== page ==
Asphaltic Core Boards vs. Glass-Faced Gypsum Boards: Here’s What You Need To Know

asphaltic core board

As we’ve previously covered on the blog, there are five main types of cover board materials, each is best suited to the method of attachment in the roof assembly and the type and method of roof membrane being installed over top, and each with its own benefits. In this week’s article, we’re focusing on the pros and cons of Asphaltic Core Boards and Glass-Faced Gypsum boards to help you make a more informed decision when it comes to your roof health.

Asphaltic Core Board (also known as protection board)

asphaltic core board

Asphaltic core board is typically fabricated with an asphaltic core sandwiched between glass fibre reinforcement. This method allows for a board that is stable and weather resistant while still being flexible.  Asphaltic core board is primarily used with hot-applied asphalt membranes, self-adhered and SBS modified bitumen systems.

Pros: 

  • Highly water-resistant:
    • Because of the asphaltic core board application process, this cover board is highly resistant to water and is often used in waterproofing applications.
  • Excellent puncture resistance:
    • Asphaltic core boards are extremely puncture-resistant, and offer high-dimensional stability, making them the ideal choice for roofs that are multi-purpose, regularly trafficked, or have equipment on them that needs to be serviced regularly.

Cons: 

  • Not suitable for all membranes: 
    • Because of the asphalt content, these cover boards are typically not well suited for use under single-ply membranes that may be affected by contact with asphalt.
  • Thinner boards are less energy-efficient:
    • Asphaltic core boards are low on the spectrum of thermal resistance, and will likely not provide sufficient protection for use over heat-sensitive insulation areas.
  • Blistering:
    • Due to the impermeability of this cover board (which is what allows for its waterproofing properties), there is an increased risk for blistering during the application of the hot asphalt. With this kind of membrane, it’s crucial to work with an experienced professional. Asphaltic core boards are a relatively new cover board option, and according to Roofing Canada, do not yet have national standards. Therefore, when using this product, it is crucial that your contractor understands the ins and outs of its usage.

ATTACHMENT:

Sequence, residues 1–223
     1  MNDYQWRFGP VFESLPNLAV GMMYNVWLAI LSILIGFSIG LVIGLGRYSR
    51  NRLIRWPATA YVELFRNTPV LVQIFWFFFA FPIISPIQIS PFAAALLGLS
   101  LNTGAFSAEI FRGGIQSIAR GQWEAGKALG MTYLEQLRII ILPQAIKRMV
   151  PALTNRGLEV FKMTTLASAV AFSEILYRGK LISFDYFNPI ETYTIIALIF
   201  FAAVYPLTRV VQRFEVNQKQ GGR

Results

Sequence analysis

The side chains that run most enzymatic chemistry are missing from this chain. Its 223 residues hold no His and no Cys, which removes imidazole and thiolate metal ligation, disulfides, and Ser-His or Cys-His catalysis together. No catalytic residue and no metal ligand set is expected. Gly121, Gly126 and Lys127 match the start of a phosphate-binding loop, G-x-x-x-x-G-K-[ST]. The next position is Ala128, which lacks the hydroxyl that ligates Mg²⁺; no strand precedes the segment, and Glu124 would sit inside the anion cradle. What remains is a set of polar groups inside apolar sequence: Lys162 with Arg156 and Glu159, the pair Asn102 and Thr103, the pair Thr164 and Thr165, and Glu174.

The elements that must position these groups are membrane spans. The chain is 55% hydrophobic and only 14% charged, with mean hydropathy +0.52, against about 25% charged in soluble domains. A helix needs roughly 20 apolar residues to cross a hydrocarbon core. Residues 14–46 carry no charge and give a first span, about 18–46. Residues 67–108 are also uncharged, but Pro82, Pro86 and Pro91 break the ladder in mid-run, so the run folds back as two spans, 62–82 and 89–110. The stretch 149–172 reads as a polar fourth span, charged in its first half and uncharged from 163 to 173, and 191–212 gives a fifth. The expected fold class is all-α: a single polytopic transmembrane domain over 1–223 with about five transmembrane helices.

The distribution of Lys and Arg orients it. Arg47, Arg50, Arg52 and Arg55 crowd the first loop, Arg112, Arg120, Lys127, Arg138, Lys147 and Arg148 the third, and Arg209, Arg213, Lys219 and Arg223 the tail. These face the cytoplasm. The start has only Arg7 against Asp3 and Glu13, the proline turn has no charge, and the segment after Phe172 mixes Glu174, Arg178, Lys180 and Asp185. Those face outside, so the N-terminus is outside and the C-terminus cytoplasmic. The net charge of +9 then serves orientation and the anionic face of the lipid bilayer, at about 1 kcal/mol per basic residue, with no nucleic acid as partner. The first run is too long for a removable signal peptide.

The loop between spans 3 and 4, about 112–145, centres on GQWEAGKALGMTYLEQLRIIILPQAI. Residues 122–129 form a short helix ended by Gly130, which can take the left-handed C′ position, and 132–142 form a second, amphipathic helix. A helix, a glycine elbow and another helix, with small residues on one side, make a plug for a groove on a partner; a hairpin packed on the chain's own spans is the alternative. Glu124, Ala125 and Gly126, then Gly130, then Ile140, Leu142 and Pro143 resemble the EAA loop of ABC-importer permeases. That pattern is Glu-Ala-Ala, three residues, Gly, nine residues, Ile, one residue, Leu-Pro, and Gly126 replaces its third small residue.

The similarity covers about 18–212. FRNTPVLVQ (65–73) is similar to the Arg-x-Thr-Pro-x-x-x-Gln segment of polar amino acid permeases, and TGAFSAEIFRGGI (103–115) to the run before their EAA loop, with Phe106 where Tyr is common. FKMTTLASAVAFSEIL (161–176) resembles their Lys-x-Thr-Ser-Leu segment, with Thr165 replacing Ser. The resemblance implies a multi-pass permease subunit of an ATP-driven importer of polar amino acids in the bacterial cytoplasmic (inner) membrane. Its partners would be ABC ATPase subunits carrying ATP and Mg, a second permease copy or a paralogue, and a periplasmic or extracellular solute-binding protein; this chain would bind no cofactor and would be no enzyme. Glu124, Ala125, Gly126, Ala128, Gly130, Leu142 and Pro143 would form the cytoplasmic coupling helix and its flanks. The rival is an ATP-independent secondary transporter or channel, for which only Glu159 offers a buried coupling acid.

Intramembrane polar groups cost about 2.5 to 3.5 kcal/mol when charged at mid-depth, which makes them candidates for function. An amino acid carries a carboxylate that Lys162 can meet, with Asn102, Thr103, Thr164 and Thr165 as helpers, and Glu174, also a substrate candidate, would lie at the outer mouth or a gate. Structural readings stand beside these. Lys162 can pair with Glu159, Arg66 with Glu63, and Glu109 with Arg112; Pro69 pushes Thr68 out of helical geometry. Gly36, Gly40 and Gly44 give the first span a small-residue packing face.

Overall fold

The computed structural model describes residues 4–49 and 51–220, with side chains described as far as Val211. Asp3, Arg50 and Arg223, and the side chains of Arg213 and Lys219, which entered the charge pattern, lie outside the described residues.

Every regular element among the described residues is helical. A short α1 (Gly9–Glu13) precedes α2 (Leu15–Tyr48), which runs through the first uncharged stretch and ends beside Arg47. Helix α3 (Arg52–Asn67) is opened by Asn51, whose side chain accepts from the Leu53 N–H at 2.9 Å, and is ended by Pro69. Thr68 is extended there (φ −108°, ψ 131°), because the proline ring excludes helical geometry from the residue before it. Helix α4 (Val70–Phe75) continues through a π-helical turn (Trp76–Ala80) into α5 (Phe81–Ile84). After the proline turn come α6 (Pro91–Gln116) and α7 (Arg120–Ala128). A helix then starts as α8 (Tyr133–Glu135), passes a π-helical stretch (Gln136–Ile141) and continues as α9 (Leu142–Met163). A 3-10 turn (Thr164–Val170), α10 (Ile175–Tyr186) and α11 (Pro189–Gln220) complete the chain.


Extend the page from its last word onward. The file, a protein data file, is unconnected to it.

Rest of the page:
Glass-Faced Gypsum Board

Gypsum board-01

Exterior Gypsum Board is comprised of a non-combustible, moisture-resistant core wrapped with fiberglass facers on both the front and back surfaces and long edges.  According to Gypsum.org, this material has a proven record of cost-efficient performance and fire resistance that has made it a staple material for roofers since the mid-80s.

Pros: 

  • No organic materials mean no mould:
    • The lack of organic materials in glass-faced gypsum board means that it is highly resistant to moulding or rotting when subjected to moisture. This is a huge advantage in areas where weather cycles routinely, and condensation could cause mould to form over time.
  • Classified as a thermal barrier: 
    • Gypsum boards are non-combustible, which classifies them as thermal barriers. This may be required under certain membrane systems to achieve specific Class A fire resistance ratings.
  • Highly Traffic Resistant:
    • Gypsum boards have a compressive strength almost twenty times greater than wood fibreboard
  • Noise Control:
    • Gypsum boards have been used in roofing assemblies where sound reduction was a concern. It effectively helps reduce the transmission of noise in areas where it is present.

Cons: 

  • Blistering:
    • There have been reports of blister formation and frothing of asphalt when hot process roofing systems (BUR and modified bitumen) have been applied over glass-faced gypsum boards. This is something that does not happen with proper application, but unfortunately, without priming the surface of the board, it is much more likely to occur.

No matter what cover board options are presented to you, the most important factor in your roof assembly is working with an experienced contractor who is able to understand the requirements of your space over time and recommend membrane and cover board options that will ensure the health of your roof in five or ten years. If you’re unsure of what the right route is for your roof, contact our experts. With over 60 years of experience, we’re here to help. That’s the Elite Advantage.